Enhanced modelling of swede midge population dynamics in North America
Principal investigator: Rebecca Hallett, University of Guelph
Purpose: The aim is to develop a complete population dynamics model for swede midge. The model will be used to explore differences among North American populations of swede midge and will try to predict the lag time between first detection in an area and subsequent occurrence of economically damaging populations.
Progress: A new graduate student started in September and is training on the modelling software. Evaluation of an older model that only predicted adult emergence of swede midge will identify weaknesses that need improvement. Collection of literature to support the addition of new life history information to the model is nearly complete. Feasibility of the model to assess
the time from detection to economic damage is being assessed.
Ecology of swede midge –host plant interactions
Principal investigators: Boyd Mori, Owen Olfert, Julie Soroka, AAFC Saskatoon
Funding: ADF, WGRF, SaskCanola
Purpose: Year 1 of 4. The purpose is to investigate host plant susceptibility or resistance factors to swede midge, with the ultimate aim of identifying host plant resistance.
Progress: Researchers are currently growing plants from a collection of plant species known to be swede midge hosts or non-hosts, creating a colony of swede midge for laboratory bioassays, and developing bioassay techniques to start experiments on midge-plant interactions.
Development and implementation of a weather-based, near real-time, crop insect pest monitoring/prediction model and program for Alberta
Principal investigator: Daniel Itenfisu, AF
Funding: Alberta Canola, AF
Purpose: The aim is to develop and implement a provincial weather-based, near real-time (NRT) insect pest prediction model as a web-based risk management tool for three significant insect pests: bertha armyworm, alfalfa weevil and wheat midge. The models will provide a timely prediction of the pests and assist in devising effective pest management practices.
Progress: Year 2 of 3. The final field season concluded with data collection on phenology (seasonal cycles) and life history of three pests and their natural enemies along with crop phenology monitoring across 26 sites in Alberta. Pest phenological monitoring procedures included yellow sticky traps for wheat midge females and parasitoids, spring soil sampling to predict midge emergence and scouting for second-generation alfalfa weevil adults. Quality control and analysis on collected field data leading to improved phenology models for each species is currently underway.
Coordinated surveillance, forecasting and risk warning systems for field crop insect pests of the Prairie ecosystem
Principal investigator: Owen Olfert, AAFC Saskatoon
Purpose: The aim is to develop and implement insect surveillance programs to identify risks to crop production from pest species and to highlight and conserve their natural enemies.
Progress: Year 3 of 5. Data from annual surveys in 2016 provided a snapshot of current pest status and reflected the future risks to varying degrees.
Provincial and industry collaborators, together with project team members, monitored over 4,000 sites for grasshoppers, 700 for wheat midge, 800 for cabbage seedpod weevil, 500 for bertha armyworm, 200 for pea leaf weevil and 95 for wheat stem sawfly. In addition, sentinel sites were monitored for flea beetles, cutworms, swede midge and cereal leaf beetle. Weekly updates were provided using the Prairie Pest Monitoring Network blog.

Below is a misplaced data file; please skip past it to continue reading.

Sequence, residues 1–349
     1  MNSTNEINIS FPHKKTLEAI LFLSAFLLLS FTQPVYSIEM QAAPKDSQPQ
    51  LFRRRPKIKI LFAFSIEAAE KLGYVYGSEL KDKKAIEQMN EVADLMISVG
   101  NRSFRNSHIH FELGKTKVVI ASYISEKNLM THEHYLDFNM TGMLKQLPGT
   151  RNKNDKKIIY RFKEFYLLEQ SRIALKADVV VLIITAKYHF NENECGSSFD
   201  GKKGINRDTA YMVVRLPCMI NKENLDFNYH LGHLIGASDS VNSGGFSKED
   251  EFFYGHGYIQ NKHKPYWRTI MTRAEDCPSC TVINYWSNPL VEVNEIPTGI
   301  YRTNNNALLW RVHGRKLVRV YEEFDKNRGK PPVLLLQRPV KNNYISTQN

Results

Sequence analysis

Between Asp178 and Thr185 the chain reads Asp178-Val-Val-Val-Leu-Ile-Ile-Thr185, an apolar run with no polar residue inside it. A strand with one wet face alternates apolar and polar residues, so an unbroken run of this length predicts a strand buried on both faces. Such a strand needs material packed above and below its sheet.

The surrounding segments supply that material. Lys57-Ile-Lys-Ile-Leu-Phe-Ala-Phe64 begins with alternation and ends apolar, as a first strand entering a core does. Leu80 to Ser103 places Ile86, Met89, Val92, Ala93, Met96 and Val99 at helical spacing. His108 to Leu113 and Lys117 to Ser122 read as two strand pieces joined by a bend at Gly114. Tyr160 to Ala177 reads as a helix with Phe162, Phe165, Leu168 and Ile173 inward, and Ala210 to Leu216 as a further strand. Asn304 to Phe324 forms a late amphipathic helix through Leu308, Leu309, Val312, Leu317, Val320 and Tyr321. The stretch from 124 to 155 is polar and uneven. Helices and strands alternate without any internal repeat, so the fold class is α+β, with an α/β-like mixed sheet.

Verticillium longisporum in Manitoba: Understanding the pathogen and establishing surveillance capacity.
Principal investigator: Mario Tenuta, University of Manitoba
Funding: MCGA, Richardson International,
MB Grain Hub, GF2 and WGRF.
Progress: The farm found to have V. longisporum was sampled. Hundreds of other samples were also collected for quantification of V. longisporum at the Pest Surveillance Laboratory (PSI) in Winnipeg. Training of PSI personnel in the extraction protocol has begun.
Design and testing an in-field real-time nano-sensor device for pathogen monitoring in canola
Principal investigator: Xiujie Li, Alberta Innovates – Technology Futures
Funding: ACIDF, Alberta Canola, AITF
Purpose: The long-term goal is to develop an in-field sensor for the detection of plant disease pathogen levels and transfer results to an electronic device in a real-time fashion. The purpose of this project is to design and make the device, and test it in the greenhouse and in
Progress: A Sclerotinia sclerotiorum ascospore trap has been selected and spore trapping under greenhouse conditions was successful. An electrode nano-chip to detect spores has also been designed and tested. Current work is putting these two together and testing the device in a greenhouse.
Analysis and monitoring of Leptosphaeria maculans race dynamics in Western Canada for effective use of cultivar resistance in management of blackleg on canola
Principal investigator: Gary Peng, AAFC Saskatoon
Purpose: To analyze and monitor the blackleg pathogen population using Westar trap plots scattered on the Prairies. This will provide industry with up-to-date pictures of L. maculans race structure, as well as the pathogen race dynamics to guide cultivar selection and rotation. Selected fields with different blackleg severity will be investigated to understand the role of L. maculans race changes in causing the cultivar to lose the resistance.